If you’re not one for stock picking or don’t want to do the research, there are plenty of ETFs to choose from. ETFs or Exchange Traded Funds, are baskets of stocks that are already diversified and made up of many holdings. An ETF like Vanguard Dividend Appreciation Index Fund (VIG) is merely a basket of dividend stocks. It pays just like individual stocks would.

The best part about a dividend ladder is you can start before you quit your job. It will take initial investments to get it going. So what if you don’t have a lot of money to invest yet? Start by buying a few shares. When the dividends are paid, you can use your brokerage’s DRIP (Dividend Reinvestment Program) to reinvest the dividends when they’re paid — this means the money from a stock’s dividends is used to then buy more shares (or fractions of shares if it’s not enough to buy a whole share). Or, you can let the money pool in the account and buy more shares. It works like a snowball, start small and let it grow over time. If you start before you quit your job, you can have a nice portfolio paying you monthly when you do leave.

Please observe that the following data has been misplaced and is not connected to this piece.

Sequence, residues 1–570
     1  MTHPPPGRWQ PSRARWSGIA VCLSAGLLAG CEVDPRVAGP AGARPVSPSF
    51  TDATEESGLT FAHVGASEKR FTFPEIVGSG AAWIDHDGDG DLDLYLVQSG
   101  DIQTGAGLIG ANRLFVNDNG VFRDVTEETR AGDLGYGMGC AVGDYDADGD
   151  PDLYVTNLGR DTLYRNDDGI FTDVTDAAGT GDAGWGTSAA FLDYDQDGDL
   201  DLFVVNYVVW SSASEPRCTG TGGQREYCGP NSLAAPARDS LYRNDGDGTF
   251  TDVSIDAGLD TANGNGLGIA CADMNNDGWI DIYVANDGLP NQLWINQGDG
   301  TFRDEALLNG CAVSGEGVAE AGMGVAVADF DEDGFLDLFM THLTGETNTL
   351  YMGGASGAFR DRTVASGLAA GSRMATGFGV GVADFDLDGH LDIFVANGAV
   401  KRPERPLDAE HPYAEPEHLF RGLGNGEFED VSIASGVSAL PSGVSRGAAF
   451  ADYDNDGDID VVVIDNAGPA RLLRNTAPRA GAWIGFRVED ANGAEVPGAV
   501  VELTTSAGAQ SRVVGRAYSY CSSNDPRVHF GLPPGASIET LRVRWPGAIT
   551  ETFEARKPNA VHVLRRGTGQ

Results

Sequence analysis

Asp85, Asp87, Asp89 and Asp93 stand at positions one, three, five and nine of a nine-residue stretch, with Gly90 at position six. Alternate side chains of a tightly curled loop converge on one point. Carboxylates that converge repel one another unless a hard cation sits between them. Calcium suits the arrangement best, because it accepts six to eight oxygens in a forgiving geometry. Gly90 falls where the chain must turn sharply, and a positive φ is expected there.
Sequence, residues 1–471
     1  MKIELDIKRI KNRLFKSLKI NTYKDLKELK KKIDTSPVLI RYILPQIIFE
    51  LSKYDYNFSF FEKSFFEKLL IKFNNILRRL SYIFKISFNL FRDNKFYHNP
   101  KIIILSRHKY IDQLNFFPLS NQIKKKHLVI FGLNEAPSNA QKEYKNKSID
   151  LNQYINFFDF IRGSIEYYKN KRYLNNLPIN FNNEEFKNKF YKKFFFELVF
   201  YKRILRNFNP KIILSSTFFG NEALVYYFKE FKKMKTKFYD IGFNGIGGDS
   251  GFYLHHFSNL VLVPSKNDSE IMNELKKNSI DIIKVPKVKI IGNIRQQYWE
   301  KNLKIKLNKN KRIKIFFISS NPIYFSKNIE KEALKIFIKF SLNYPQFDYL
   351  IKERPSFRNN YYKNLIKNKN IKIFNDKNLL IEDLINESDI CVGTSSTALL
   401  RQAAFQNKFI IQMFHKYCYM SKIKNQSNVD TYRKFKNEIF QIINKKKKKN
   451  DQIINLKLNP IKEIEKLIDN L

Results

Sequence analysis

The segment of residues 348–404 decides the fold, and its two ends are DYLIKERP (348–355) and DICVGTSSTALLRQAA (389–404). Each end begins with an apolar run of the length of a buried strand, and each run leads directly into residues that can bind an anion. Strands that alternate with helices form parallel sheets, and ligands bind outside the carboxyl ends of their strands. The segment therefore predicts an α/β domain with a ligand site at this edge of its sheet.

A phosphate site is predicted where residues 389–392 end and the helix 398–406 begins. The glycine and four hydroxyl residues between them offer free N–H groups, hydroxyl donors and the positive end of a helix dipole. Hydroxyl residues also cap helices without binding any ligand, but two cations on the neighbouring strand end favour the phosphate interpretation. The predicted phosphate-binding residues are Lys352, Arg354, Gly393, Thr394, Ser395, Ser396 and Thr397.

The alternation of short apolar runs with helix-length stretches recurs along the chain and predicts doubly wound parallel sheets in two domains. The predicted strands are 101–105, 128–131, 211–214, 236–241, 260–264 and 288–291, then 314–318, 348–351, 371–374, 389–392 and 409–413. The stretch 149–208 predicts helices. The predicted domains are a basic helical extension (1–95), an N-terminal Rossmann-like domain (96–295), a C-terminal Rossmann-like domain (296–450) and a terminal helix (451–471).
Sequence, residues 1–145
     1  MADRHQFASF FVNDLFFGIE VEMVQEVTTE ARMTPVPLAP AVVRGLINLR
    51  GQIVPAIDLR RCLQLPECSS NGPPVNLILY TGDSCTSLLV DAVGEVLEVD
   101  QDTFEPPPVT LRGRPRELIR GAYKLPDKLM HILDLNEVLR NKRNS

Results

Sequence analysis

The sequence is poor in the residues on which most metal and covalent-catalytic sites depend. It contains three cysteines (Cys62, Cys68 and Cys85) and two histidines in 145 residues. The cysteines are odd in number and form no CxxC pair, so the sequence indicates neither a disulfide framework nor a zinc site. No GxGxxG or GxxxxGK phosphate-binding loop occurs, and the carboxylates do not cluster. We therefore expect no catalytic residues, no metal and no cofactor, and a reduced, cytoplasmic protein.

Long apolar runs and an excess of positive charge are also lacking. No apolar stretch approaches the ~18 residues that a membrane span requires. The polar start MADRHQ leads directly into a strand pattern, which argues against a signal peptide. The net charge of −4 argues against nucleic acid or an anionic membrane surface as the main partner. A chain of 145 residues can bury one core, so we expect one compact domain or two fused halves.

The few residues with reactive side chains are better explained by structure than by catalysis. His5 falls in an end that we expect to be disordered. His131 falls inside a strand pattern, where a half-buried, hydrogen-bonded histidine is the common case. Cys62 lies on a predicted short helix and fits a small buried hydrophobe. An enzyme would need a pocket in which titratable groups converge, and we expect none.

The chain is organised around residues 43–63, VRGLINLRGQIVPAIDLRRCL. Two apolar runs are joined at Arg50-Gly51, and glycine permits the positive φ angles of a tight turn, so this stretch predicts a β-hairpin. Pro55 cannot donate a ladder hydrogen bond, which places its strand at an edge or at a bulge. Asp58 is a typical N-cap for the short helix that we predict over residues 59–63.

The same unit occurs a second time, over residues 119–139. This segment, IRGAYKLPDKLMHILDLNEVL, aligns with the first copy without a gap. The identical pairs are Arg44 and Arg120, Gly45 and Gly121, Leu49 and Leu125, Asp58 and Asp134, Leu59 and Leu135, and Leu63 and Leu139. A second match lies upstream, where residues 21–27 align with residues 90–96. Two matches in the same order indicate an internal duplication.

To get started, I recommend check out http://www.dividend.com’s Dividend Stock Screener to look through the list of all dividend-paying companies. Always do your homework when it comes to stocks! I’ll be publishing more posts on stocks and dividends, so stay tuned!

Full disclosure: I do own shares of T and VIG in various accounts. I am in no way affiliated with Dividend.com, but I do use it on occasion for research.